Even professional musicians constantly learn, adapt and experiment. Recently, the band French Camp from Brooklyn, N.Y., spent two weeks in Jackson to record at Byron Knight's private studio. Knight knew the guys in the band, and the band knew his studio offers both digital and analog recording. They came for the analog experience, which Knight said offers better sound quality.
"No musician who records at home could sound like that," he said. "Bands always opt for analog. They don't have any money."
Analog recording stores audio as a wave instead of numbers. It is more cost-effective, but the equipment and expertise is becoming scarce. Knight got the analog equipment as payment for a job in Nashville a few years ago. One reel of analog tape that records 15 minutes costs about $350. Three or four of those can make an album.
Knight calls analog recordings a "pure" sound. "You are not waiting on a computer to hold it," he said. A digital home studio that could capture music close to that quality might cost as much as $20,000.
Rohit Sharma, 21, hasn't spent that kind of money. An amateur musician who studies English at Mississippi State University, Sharma spends hours working on tracks, uploading them to free websites when complete. In his bedroom, he has his own mini-studio: MXL 991 condenser microphone, Alesis Multimix 8 USB mixer, FL Studio and Adobe Audition software. He doesn't expect much out of making music other than personal satisfaction.
"I just wanted to contribute to the big ocean of music that's out there," he says.
Building a Home Studio
Home studios can be good for artists who do not want to spend too much money on recording and who feel comfortable using equipment at home. The necessary tools can all be bought for under $500.
"It can be a computer, a good microphone, an interface to connect the microphone to the computer and some recording software. That's really all you need," Jackson musician Scott Albert Johnson says. "You get that, and you'll have a home studio."
Knight, who owns Sneaky Beans coffee house as well as a private recording studio, thinks an aspiring musician might need to spend closer to $1,000 for a basic home studio. This is assuming the musician already has a computer, a guitar and electricity. He suggests Apple Logic software (about $200), Apogee Duet (a two-channel recording apparatus that runs about $500), and a Rode NT1 microphone (about $200). It's not going to be the same quality as a $20,000 digital home studio, but it's what aspiring musicians need.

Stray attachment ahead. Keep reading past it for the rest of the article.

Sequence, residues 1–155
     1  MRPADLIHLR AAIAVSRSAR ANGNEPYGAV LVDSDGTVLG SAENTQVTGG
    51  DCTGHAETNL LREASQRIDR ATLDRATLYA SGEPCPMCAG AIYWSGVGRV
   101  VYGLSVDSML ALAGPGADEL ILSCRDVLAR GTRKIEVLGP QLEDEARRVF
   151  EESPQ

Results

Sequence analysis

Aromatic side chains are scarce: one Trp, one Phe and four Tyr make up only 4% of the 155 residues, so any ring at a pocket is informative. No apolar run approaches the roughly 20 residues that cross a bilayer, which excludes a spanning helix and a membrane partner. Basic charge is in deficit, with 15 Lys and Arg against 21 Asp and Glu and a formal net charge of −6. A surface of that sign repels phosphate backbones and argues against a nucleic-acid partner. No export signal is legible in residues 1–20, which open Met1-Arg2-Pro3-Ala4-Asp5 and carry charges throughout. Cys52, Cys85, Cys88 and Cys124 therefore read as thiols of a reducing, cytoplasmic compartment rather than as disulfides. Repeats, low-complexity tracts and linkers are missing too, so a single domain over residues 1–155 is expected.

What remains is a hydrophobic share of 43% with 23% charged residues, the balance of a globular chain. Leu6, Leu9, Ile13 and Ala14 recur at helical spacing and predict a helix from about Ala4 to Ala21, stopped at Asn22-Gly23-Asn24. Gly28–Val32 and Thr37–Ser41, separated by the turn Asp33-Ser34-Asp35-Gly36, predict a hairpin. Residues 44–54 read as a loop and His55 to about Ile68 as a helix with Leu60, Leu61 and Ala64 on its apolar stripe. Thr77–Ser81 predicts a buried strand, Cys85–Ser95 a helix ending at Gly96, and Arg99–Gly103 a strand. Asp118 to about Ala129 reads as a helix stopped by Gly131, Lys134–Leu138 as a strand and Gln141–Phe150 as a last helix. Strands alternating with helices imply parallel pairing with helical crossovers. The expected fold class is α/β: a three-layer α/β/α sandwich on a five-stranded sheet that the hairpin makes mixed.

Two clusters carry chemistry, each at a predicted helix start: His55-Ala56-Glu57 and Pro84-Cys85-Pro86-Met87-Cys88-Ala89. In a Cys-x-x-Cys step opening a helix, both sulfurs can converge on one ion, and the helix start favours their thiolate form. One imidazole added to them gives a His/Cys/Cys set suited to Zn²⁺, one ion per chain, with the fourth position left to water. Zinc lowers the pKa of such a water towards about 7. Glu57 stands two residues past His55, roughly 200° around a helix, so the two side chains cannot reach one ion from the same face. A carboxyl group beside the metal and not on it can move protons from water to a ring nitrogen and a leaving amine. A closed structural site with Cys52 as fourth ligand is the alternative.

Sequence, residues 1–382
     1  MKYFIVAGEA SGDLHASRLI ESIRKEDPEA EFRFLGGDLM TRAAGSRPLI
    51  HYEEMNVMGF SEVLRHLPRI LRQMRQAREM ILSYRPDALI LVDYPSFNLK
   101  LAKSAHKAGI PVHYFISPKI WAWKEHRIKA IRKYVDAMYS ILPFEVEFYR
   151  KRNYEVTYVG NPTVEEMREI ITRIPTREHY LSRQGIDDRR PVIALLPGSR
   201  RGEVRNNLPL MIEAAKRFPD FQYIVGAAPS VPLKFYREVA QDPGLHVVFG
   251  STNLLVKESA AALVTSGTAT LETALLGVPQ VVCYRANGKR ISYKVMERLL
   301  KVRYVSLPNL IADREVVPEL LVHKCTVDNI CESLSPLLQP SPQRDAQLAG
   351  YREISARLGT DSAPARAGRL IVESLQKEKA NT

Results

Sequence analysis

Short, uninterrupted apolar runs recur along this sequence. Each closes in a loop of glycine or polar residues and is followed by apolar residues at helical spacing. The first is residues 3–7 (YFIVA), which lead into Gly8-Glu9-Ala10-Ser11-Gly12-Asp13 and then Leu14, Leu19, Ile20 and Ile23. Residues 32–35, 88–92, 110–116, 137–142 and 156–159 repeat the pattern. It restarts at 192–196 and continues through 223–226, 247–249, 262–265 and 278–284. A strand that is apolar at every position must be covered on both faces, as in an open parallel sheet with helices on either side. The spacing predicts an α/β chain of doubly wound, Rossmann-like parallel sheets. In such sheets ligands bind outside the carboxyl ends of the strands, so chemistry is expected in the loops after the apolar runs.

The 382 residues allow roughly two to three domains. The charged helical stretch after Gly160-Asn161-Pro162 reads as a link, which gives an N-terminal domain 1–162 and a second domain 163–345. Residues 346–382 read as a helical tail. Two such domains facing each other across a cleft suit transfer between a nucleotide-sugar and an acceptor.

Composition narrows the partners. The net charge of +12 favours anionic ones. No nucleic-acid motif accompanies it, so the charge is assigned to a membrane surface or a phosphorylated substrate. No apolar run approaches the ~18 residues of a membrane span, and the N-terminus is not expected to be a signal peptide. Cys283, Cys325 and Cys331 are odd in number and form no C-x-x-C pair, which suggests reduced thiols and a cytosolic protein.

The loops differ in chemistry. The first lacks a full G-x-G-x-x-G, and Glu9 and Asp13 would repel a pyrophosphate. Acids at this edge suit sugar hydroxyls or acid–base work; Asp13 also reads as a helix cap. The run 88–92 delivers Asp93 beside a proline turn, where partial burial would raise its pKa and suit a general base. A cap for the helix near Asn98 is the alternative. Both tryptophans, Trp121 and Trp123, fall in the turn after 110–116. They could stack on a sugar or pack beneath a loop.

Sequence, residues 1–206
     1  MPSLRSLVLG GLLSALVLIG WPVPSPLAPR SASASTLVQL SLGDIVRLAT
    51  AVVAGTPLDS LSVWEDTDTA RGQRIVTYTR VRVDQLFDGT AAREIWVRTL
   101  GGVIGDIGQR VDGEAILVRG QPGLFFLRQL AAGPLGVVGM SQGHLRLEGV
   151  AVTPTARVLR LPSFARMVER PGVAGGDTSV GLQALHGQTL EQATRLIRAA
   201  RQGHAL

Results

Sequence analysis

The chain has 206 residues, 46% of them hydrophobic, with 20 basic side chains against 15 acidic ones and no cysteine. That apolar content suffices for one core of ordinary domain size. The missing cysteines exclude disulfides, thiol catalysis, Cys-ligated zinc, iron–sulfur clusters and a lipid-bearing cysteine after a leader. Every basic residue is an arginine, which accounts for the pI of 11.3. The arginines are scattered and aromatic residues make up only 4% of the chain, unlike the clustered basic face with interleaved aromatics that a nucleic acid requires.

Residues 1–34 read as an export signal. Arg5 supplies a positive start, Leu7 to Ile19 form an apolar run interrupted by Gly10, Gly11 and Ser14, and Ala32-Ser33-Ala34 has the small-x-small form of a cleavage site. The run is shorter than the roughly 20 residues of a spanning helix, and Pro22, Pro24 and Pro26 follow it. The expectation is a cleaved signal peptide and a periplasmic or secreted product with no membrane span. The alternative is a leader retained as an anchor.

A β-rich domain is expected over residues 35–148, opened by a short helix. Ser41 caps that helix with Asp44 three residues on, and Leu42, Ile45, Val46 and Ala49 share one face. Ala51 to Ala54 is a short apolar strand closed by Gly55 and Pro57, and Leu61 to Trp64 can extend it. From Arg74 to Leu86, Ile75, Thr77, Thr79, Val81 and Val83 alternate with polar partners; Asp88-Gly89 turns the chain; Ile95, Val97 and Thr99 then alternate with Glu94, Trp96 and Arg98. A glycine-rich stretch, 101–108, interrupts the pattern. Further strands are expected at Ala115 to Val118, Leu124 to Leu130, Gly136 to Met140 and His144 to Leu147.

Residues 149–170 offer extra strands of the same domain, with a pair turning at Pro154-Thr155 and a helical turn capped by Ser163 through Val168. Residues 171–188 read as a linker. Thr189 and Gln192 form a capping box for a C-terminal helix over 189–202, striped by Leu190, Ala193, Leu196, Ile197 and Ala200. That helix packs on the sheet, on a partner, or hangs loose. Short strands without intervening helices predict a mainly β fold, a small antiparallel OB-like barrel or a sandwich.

"Ten years from now, you wouldn't regret buying this," he said.
A home studio helps a musician with the writing process. "It's hard for a musician to tell whether it's a good song or not," Knight says. "If I get used to playing a song myself, I won't know what is sounds like until I play (the recording) in the car."
A home studio is a good tool, but it has its down side. Knight said few people know how to record, so they often make poor recordings. To balance that, he recommends aspiring artists to play live music as much as possible.
"If you want to put a record out, get it done professionally," he says.
Musical instrument and accessory retailer Guitar Center (1189 E. County Line Road, Suite 4, 601-956-8053) has also recognized the trend of home recording. Its free "Recording Made Easy" workshops cover rotating topics, including effects, mixing and publishing, signal flow and microphone techniques, and virtual instruments and loops. Workshops are open to the public and held from 10 a.m. to 11 a.m. Saturdays. (Call first to check the schedule.)
"Overall, I think that it's a good thing that this technology has become open to everyone. The barrier of entry has been made a lot lower," Johnson said. "I think it's a great thing that you don't have to have a lot of money or access to a professional studio to make a record. All you need is the talent and that's the way it should be."
Some musicians prefer to use a combination of professional studios and home recording. One method is to professionally record the rhythm track, which includes the basic drums and bass, and then take it home to work on.